Tag Archives: Alaska

Review: Ice Whale

29 May

Jean Craighead George is beloved for writing My Side of the Mountain and Julie of the Wolves. After her death in 2012, two of her children helped piece together her mostly-finished novel Ice Whale, which Dial Books just released.

large_Ice_Whale-198x300The book is, in a word, stunning. It’s less than 200 pages, but it spans 200 years, the lifetime of a bowhead whale. The story begins in 1848, when Toozak, a boy from the Yup’ik tribe, sees a special whale being born. The Yup’ik lived on the west coast of what is now Alaska and on the east coast of Siberia.

Toozak knows getting the privilege of seeing a whale born makes him special, but he is cursed by the village shaman after accidentally betraying the location of the whales to the Yankee whalers. He is charged to protect the whale he saw being born. He calls the whale Siku, and the curse will only be broken if the whale saves a Toozak or if Toozak and his progeny keep the whale safe through its entire life.

In the first chapter alone, I learned so much about whales. Craighead George creates symbols to represent whale songs and language. Certain chapters are told from the whale Siku’s point of view. In these chapters, Siku’s name is represented in symbols that look something like __~~-__~~. It’s a clever way of showing that whales have a complex language of their own.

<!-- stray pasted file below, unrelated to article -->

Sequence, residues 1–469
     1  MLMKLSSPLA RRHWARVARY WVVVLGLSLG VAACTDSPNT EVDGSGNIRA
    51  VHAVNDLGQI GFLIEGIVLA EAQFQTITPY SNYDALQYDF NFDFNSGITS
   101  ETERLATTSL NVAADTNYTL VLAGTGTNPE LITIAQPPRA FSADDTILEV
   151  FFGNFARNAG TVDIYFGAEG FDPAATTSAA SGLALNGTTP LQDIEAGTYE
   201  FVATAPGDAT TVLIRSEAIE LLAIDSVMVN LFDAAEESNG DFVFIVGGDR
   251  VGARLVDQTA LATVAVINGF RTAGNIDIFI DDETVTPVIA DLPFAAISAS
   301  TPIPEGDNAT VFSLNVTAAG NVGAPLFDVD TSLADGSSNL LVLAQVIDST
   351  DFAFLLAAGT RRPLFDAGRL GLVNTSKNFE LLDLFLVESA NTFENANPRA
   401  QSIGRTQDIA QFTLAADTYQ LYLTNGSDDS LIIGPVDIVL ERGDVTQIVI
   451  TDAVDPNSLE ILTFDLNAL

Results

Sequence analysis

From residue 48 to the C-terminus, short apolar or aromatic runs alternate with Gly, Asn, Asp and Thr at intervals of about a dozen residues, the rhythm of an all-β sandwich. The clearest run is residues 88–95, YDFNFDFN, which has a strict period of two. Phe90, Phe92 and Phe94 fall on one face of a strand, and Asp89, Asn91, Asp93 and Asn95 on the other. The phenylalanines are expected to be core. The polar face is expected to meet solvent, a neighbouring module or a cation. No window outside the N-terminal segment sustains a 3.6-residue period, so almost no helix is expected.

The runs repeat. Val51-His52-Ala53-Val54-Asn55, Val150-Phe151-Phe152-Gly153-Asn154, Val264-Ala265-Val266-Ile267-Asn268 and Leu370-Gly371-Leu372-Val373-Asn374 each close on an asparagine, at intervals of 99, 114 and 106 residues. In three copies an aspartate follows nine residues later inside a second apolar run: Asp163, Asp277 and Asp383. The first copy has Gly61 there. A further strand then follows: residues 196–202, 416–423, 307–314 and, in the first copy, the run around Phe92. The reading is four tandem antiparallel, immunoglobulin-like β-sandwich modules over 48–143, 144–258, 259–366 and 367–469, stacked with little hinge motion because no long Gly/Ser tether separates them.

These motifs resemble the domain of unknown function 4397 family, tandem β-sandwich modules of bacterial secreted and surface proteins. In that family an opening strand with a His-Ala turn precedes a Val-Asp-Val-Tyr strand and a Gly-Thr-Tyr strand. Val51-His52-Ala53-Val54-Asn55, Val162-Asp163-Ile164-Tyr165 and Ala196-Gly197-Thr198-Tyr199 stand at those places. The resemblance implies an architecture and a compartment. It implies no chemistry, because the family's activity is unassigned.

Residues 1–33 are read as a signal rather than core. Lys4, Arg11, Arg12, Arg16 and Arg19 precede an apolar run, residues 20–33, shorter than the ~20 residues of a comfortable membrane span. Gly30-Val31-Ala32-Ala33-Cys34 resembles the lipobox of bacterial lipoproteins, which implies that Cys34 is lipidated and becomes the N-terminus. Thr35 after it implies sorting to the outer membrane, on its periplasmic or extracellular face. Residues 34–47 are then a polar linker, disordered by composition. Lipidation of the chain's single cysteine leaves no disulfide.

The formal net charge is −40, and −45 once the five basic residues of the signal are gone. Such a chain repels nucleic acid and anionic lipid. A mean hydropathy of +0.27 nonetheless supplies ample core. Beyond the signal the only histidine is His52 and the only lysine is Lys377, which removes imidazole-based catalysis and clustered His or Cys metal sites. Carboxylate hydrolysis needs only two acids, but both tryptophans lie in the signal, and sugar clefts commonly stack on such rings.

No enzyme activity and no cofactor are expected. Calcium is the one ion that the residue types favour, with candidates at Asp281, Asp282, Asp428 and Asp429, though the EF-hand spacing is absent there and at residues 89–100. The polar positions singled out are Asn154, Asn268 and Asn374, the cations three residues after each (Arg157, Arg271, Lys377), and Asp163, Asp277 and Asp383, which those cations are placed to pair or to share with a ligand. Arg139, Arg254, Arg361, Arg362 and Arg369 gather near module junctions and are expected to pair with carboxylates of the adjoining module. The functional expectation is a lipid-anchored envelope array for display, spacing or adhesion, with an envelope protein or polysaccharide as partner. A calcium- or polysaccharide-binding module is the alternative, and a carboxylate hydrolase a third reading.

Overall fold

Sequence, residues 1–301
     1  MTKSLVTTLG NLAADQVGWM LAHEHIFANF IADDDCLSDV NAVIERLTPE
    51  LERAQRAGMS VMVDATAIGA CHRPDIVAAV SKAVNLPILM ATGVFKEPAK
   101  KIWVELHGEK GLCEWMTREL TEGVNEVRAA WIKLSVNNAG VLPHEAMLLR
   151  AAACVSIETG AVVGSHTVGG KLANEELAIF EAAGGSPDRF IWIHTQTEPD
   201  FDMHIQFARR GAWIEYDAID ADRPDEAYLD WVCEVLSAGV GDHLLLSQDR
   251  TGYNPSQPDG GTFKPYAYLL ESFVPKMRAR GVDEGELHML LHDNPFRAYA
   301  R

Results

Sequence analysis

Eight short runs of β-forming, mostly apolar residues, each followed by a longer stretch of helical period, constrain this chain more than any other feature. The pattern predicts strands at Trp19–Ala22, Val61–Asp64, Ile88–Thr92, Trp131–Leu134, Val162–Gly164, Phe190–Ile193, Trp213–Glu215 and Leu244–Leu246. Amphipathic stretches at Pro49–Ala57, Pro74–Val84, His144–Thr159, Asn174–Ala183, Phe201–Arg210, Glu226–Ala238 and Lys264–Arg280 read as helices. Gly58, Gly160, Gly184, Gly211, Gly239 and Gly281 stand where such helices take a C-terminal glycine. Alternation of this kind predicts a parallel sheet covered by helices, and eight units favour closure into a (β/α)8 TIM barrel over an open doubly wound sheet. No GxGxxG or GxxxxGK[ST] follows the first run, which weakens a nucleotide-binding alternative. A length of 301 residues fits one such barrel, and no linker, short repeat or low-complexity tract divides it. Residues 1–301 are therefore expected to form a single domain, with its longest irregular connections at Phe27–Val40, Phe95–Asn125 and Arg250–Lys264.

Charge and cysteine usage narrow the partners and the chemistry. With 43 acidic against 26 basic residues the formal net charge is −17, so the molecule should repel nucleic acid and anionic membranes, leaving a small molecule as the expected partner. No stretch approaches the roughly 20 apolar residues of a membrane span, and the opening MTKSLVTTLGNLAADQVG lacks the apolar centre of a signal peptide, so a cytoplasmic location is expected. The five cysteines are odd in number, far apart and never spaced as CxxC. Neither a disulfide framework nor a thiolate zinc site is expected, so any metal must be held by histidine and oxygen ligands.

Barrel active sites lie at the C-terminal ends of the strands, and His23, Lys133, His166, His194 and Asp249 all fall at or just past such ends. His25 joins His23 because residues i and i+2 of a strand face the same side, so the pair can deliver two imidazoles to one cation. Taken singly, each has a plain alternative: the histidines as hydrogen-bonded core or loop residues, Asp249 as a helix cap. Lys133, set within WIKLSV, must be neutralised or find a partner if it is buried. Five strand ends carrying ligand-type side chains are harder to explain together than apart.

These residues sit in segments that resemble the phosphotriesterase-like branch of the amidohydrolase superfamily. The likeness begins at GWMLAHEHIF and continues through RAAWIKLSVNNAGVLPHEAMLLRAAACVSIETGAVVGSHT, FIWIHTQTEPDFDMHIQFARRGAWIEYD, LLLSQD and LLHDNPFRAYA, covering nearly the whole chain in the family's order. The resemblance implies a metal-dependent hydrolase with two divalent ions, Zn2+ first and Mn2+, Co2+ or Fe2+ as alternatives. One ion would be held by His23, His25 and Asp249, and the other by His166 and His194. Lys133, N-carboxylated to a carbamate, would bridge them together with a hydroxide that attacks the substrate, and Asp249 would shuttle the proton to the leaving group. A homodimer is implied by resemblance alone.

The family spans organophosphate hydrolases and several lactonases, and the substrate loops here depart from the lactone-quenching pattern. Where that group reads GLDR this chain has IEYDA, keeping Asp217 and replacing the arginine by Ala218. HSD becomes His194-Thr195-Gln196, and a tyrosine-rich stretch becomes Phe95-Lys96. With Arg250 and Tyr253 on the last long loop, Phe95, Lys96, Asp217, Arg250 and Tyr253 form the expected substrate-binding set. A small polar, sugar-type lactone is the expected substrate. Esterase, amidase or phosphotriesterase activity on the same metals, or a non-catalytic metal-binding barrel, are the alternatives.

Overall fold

Readers will also learn a lot about different kinds of Eskimo tribes. The novel acknowledges that there were and are many different nations and languages in the Alaska area. The tribes and the whales are affected by the European and American travelers who hunt whales for their oil and then their baleen. By the time we reach the 5th Toozak, he has an English and an Eskimo name: Charlie Toozak V.

The book also follows several generations of a Yankee whaler named Tom Boyd. A large chunk of the story takes place in 1980, when Emily Toozak VII gets lost on an ice floe and meets one of Tom Boyd’s descendants. She is saved by remembered knowledge of the old Eskimo ways of survival and by Siku’s help.

By the end, the story ties together gracefully. Do yourself a favor and find this book. It took me a couple hours to read, but it will stick with me for much longer.